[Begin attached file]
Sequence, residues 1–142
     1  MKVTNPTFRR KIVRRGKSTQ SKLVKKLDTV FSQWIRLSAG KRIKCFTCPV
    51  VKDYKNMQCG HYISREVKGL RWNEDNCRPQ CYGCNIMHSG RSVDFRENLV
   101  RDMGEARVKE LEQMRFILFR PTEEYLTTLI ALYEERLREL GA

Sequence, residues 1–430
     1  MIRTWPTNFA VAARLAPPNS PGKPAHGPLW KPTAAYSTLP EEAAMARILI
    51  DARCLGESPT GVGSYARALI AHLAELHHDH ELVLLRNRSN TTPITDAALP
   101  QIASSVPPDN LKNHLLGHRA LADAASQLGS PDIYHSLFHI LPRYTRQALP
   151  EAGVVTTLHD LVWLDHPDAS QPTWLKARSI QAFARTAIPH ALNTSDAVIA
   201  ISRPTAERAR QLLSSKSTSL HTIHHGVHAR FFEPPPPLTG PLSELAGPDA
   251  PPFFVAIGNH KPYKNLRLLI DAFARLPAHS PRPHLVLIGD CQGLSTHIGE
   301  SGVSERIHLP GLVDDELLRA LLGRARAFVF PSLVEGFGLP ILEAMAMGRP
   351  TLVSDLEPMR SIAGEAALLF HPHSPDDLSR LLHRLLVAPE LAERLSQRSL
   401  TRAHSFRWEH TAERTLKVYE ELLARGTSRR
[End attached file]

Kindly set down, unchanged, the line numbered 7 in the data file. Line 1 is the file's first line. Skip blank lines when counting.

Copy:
    51  DARCLGESPT GVGSYARALI AHLAELHHDH ELVLLRNRSN TTPITDAALP